* What they do during the process;

* Why they do what they do;

* How they do it; and,

* When they do it.

Understanding these attributes and the related moving parts will allow for a more effective design of a future inter-company process.

By its nature, inter-company process improvement cannot take place in a vacuum. For example, it has to take account of key business processes, which inevitably cut across many other initiatives — such as financial close, legal entity rationalization, the Sarbanes-Oxley Act, etc. — with which it needs to be closely co-coordinated.

Therefore, inter-company process improvement efforts are multi-dimensional, crossing not only geographies and organizational structures, but also demanding close integration with business processes, control and compliance, technology systems, and change initiatives. A systematic, phased approach is essential if the full benefits are to be realized.


There are many different attributes or features of a leading inter-company process. However, experience shows that four key attributes are present with companies that have cracked the nut when it comes to inter-company accounting:

1. Strong organization: A well-defined network of inter-company champions with the appropriate authority and support from senior management can facilitate policy enforcement, communication, issue resolution and continuous process improvement. Organizations with such a network of professionals have experienced an immediate increase in accountability that can function as a springboard for the initial improvement program and a foundation for long-term changes.

2. Leveraged technology. While the inter-company process alone does not justify a system upgrade, existing ERP systems and consolidation applications have features that facilitate the process — for example, ERP systems that have the ability to “auto post” a trading partner’s portion of the entry to eliminate the possibility of imbalances.

Recognizing that very few companies with significant amounts of inter-company transactions are on the same ERP system, consolidation applications can facilitate the matching and reconciliation of transactions through enhanced reporting and transaction tracking.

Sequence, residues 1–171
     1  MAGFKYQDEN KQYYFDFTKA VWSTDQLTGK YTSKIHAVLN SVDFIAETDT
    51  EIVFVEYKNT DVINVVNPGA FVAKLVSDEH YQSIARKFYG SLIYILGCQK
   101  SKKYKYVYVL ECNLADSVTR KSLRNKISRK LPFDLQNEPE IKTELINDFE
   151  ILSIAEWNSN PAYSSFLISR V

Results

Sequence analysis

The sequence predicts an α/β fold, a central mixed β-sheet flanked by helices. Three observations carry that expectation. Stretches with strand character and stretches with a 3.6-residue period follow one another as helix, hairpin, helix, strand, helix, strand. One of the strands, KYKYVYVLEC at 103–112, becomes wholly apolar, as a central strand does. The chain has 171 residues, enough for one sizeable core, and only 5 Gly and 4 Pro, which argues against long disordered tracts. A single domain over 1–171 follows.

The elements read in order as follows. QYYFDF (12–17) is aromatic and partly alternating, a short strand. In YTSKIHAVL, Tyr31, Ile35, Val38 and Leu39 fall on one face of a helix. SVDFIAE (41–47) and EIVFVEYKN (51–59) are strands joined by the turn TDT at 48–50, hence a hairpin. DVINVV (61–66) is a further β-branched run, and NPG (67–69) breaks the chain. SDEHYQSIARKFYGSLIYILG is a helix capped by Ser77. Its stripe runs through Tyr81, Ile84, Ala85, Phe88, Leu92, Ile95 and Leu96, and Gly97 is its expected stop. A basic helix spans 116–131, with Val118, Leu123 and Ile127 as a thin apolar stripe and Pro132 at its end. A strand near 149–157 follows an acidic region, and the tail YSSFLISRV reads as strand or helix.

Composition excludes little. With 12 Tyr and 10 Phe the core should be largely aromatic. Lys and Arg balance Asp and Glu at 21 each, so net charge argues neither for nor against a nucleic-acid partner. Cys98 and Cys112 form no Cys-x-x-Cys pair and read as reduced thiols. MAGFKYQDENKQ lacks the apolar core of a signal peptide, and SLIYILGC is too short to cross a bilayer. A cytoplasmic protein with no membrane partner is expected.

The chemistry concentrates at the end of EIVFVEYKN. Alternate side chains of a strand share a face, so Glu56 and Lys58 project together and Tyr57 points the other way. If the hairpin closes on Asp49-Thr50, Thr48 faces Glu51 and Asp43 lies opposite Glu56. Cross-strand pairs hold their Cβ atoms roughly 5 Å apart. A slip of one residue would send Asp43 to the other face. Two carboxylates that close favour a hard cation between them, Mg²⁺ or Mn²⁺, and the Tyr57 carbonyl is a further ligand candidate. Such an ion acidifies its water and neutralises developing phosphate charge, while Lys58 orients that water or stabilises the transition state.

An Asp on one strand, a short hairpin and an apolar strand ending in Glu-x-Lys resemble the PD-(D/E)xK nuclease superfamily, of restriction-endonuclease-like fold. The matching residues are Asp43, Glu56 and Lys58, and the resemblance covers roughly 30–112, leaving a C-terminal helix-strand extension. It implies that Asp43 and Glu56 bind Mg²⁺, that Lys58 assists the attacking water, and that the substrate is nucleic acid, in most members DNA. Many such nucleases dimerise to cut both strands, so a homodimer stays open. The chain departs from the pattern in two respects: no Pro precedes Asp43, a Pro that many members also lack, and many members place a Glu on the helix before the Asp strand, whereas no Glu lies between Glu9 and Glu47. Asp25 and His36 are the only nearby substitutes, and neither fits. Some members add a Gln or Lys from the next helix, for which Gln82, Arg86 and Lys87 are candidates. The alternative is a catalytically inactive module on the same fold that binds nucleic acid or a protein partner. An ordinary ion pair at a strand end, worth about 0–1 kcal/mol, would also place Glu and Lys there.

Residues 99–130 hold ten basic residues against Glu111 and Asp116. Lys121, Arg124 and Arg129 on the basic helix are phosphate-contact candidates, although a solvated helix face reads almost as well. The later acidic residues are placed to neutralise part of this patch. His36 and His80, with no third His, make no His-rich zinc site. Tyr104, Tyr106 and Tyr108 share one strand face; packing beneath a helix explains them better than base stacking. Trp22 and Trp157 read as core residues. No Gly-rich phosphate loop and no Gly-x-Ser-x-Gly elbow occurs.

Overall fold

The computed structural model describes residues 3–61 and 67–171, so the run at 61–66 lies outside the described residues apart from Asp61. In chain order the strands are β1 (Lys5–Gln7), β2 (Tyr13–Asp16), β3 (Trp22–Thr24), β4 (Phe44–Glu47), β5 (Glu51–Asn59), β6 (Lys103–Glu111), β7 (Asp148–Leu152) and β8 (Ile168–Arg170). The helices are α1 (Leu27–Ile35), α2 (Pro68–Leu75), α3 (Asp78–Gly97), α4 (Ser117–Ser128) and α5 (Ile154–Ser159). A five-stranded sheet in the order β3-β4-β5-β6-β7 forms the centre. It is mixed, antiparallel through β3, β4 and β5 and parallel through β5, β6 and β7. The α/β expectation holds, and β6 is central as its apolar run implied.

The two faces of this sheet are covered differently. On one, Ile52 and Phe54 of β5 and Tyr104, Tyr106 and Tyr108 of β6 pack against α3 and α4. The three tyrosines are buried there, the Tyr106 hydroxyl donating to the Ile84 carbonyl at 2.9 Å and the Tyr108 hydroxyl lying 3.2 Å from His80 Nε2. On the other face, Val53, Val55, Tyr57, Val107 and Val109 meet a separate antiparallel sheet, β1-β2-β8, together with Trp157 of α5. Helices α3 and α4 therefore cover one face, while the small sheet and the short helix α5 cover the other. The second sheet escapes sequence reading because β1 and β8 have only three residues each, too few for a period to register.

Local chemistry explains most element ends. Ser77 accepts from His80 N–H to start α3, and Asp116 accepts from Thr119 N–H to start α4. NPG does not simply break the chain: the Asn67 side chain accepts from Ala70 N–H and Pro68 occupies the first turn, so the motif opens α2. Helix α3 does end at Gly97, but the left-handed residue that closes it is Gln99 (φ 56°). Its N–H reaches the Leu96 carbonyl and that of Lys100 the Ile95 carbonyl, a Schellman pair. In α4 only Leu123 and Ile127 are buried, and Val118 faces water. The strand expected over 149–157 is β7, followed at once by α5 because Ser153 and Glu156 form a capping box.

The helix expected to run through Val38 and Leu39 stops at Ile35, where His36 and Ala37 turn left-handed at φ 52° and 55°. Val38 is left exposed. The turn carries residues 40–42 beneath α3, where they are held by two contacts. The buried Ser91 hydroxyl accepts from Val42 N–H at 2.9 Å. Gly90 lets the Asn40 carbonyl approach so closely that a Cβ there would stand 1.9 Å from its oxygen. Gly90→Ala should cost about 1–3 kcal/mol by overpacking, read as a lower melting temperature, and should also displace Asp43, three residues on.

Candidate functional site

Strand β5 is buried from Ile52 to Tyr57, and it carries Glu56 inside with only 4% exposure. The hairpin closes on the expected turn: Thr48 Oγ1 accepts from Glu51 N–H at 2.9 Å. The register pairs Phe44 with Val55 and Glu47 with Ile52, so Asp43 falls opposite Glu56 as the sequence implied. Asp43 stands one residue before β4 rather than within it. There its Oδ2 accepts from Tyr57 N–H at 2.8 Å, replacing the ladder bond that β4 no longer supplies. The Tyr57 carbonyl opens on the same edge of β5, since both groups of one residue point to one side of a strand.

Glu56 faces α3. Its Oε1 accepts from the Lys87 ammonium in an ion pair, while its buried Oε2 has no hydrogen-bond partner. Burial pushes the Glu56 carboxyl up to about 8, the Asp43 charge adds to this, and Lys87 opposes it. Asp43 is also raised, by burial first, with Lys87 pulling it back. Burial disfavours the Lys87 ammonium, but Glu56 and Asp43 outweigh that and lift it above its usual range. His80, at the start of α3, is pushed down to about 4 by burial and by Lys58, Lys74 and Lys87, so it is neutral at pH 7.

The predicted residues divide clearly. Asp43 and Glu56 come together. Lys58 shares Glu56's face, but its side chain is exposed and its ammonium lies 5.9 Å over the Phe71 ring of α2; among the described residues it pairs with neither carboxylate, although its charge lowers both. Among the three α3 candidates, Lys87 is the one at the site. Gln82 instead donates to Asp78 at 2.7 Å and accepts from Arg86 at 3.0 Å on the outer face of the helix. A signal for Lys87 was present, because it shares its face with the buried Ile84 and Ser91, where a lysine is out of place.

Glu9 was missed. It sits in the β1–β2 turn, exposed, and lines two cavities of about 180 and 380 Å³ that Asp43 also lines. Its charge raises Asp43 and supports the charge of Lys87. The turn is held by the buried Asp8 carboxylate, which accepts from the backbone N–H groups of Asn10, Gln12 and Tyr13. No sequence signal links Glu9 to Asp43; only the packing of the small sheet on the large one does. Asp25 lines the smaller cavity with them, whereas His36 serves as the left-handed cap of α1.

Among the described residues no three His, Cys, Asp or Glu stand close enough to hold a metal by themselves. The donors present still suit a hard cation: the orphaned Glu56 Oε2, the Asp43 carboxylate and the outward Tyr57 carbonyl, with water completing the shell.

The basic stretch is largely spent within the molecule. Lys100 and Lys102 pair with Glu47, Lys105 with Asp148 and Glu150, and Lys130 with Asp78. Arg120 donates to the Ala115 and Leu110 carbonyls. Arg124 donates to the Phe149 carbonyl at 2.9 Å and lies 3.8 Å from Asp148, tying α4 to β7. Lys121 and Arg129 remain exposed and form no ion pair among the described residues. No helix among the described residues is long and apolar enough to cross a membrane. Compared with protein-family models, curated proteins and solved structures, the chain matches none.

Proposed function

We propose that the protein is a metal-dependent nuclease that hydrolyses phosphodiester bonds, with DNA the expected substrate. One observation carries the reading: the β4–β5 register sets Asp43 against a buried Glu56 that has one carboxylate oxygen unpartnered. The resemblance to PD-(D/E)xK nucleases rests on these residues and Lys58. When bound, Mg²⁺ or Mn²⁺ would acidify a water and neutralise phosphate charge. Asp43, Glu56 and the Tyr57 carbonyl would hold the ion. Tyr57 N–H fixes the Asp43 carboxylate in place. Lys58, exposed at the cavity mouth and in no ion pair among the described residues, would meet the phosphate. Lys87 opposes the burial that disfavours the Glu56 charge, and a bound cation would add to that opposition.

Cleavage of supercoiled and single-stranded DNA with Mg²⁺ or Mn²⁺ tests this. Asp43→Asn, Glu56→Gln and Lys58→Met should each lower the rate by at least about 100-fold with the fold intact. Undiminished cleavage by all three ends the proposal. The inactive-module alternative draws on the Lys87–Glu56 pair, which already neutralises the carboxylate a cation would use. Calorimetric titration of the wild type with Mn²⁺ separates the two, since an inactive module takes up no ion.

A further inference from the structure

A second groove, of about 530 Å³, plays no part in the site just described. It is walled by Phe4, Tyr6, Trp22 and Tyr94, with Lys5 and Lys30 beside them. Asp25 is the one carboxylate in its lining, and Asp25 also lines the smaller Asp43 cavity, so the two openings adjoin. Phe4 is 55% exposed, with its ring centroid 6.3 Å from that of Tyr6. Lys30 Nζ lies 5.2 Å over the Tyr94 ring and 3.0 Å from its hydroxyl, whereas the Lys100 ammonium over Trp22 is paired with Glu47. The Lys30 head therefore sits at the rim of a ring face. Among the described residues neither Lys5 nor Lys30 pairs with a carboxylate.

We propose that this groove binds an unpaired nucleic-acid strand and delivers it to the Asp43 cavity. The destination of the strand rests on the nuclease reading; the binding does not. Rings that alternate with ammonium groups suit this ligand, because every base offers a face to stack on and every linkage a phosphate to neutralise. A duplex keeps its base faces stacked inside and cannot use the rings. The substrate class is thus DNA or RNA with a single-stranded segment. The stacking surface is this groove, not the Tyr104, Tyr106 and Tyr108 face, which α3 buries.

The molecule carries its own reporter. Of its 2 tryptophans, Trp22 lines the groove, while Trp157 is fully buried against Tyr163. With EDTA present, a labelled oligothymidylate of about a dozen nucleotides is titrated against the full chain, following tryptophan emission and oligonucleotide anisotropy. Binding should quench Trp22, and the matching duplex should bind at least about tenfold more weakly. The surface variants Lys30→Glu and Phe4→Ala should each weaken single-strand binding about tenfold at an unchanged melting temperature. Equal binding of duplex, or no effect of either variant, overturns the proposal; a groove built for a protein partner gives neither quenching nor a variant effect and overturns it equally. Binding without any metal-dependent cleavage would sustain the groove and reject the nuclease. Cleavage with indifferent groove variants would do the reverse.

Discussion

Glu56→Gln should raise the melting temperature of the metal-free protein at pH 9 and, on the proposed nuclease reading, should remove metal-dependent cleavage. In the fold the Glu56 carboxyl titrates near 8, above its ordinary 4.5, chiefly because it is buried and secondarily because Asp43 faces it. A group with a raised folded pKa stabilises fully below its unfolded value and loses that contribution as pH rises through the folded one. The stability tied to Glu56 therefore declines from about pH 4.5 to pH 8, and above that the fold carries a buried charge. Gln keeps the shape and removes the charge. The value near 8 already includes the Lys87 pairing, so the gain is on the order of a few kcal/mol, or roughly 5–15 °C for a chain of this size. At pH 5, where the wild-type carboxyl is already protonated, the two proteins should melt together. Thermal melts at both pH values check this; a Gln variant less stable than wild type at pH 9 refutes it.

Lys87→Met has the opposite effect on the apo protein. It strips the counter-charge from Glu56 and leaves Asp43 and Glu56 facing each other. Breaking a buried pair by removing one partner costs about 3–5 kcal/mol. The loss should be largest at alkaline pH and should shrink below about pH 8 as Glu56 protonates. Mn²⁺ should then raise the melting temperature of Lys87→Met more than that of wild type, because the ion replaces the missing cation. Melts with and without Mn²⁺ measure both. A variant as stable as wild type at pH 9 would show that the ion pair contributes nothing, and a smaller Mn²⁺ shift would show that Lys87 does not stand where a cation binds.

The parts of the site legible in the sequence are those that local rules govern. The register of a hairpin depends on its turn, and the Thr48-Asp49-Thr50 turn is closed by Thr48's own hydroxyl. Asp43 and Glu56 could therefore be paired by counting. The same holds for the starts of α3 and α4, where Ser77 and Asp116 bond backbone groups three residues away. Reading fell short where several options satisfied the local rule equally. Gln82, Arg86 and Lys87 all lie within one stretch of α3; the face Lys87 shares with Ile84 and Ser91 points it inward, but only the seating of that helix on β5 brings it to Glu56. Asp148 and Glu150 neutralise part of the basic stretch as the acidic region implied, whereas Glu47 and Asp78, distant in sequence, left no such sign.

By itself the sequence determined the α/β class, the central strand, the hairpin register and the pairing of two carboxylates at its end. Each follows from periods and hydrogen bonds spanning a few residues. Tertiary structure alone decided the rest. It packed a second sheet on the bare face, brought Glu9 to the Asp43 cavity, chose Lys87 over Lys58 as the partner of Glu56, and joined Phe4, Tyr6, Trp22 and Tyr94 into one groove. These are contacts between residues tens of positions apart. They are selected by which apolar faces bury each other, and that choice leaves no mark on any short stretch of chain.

3. Standardized policy and procedures. Inter-company accounting is only a small component of an organization’s broader accounting policy manual. However, the policy is critical to establishing a common understanding and laying the foundation for which transactions are accounted for across the organization. A well-defined and enforceable inter-company policy (including sellers’ rule, cutoff dates, escalation procedures, etc.) is necessary to provide the structure and discipline required to support the people, processes and systems.

4. Removing non-essential activities from the close cycle. One of the early signs of an inefficient inter-company process is the level of effort required during the financial close process in order to eliminate inter-company imbalances. Having a strong inter-company policy, a defined network of professionals, integrated technology and standard procedures across the organization can negate the need for this activity altogether.

Implemented alone, these activities may provide individual improvements to the process, but they will not result in a sustainable and repeatable process. Inevitably, a change in the business environment or staff turnover will result in additional work to ensure that the process is maintained. However, undertaken together, they will provide the foundation for an inter-company process that is transparent and consistent.

Streamlined inter-company processes offer a wide range of benefits. Most obviously, they can reduce costs and improve bottom-line profitability. They can not only remove the costs associated with “managing” the process, but can also help an organization avoid the potential monetary and reputation costs associated with embarrassing restatements due to careless internal accounting matters.

With careful preparation, buy-in from all internal stakeholders, and a systematic approach, significant benefits can be gained from inter-company process improvements.

Davis Bradford and Paul Tetrault are a senior manager and a manager, respectively, with KPMG’s business performance services practice. The views and opinions are theirs and do not necessarily represent those of KPMG LLP.